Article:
Courtesy of Congressman Jimmy Panetta’s Office:
Congressman Jimmy Panetta (D-Carmel Valley) joined a group of 70 members of the U.S. House of Representatives in calling on House leadership to ensure that future COVID-19 response legislation helps protect the ability of Americans to safely exercise their right to vote amid the COVID-19 pandemic and future crises.
“I urge you to continue to prioritize swift and strong action to prepare our electoral system for this pandemic, and to make sure that no future disaster threatens American citizens’ ability to go to the polls,” the members wrote.
The members call for future legislation to:
- Require at least 15 days of early in-person voting and no-excuse absentee voting by mail for 2020, as well as steps to ensure voters can easily apply online to vote absentee.
- Provide flexible funding to help states implement early and absentee voting.
- Require states to develop and publicize plans to ensure voters can safely exercise their democratic rights in future crises, including plans to implement mail and absentee balloting, for reduced or alternate voting locations, and to protect the health and safety of election workers.
The full text of the letter can be found below and here:
Dear Speaker Pelosi and Minority Leader McCarthy,
As you know, the spread of COVID-19 presents an imposing threat to our citizens, our economy, and our way of life. As Congress takes further measures to address this threat, I urge you to continue to prioritize swift and strong action to prepare our electoral system for this pandemic, and to make sure that no future disaster threatens American citizens’ ability to go to the polls.
Fair and credible elections are the backbone of our democracy. In the past, Americans have overcome disastrous weather events and economic strife to make themselves heard at the polls. However, COVID-19 presents a new and unprecedented challenge to this process. In order to combat this crisis, we have asked our constituents to isolate themselves and to avoid large gatherings and social contact. Though these measures are essential to combat the spread of this virus, they are also at odds with the voting process for many Americans. While we hope for a quick end to this crisis, we must plan for the likelihood that COVID-19 will continue to impact Americans’ lives through the rest of the year.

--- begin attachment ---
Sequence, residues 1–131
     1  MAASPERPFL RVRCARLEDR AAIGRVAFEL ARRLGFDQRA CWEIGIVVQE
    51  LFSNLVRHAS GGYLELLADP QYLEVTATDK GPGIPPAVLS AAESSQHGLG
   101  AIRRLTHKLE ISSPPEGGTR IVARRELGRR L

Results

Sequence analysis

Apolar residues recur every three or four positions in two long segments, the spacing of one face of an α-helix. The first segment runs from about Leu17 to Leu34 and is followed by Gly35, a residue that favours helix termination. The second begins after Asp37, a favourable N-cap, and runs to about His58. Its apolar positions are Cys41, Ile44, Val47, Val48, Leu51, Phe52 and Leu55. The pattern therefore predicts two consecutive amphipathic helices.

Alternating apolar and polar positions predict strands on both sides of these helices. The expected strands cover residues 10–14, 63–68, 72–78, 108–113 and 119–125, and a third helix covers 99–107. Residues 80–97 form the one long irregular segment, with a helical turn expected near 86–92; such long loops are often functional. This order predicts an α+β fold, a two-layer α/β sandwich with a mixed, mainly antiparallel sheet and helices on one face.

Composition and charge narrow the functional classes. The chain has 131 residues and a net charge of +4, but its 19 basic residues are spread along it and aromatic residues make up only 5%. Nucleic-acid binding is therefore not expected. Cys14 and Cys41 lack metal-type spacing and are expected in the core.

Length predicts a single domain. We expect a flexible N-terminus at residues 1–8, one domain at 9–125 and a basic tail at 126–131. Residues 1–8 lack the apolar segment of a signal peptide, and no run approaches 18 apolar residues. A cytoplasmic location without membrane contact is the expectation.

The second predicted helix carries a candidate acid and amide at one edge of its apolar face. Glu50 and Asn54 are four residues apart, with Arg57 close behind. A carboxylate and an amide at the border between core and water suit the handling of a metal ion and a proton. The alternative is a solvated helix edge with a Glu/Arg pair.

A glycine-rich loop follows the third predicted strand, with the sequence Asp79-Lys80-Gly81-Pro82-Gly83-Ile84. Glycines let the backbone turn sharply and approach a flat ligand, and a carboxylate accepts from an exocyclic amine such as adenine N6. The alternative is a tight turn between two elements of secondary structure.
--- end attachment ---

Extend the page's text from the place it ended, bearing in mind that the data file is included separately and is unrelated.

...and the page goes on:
As the November presidential election and other primary elections approach, we cannot ask the American people to choose between their physical well-being and their ability to vote. The CARES Act — signed into law last month — included $400 million to help adapt elections for the COVID-19 crisis. While this is an important first step, there is still much more work to be done. Fortunately, there are several policies that can be included in the forthcoming supplemental appropriations package to facilitate the continued functioning of our electoral process through both the current and future crises.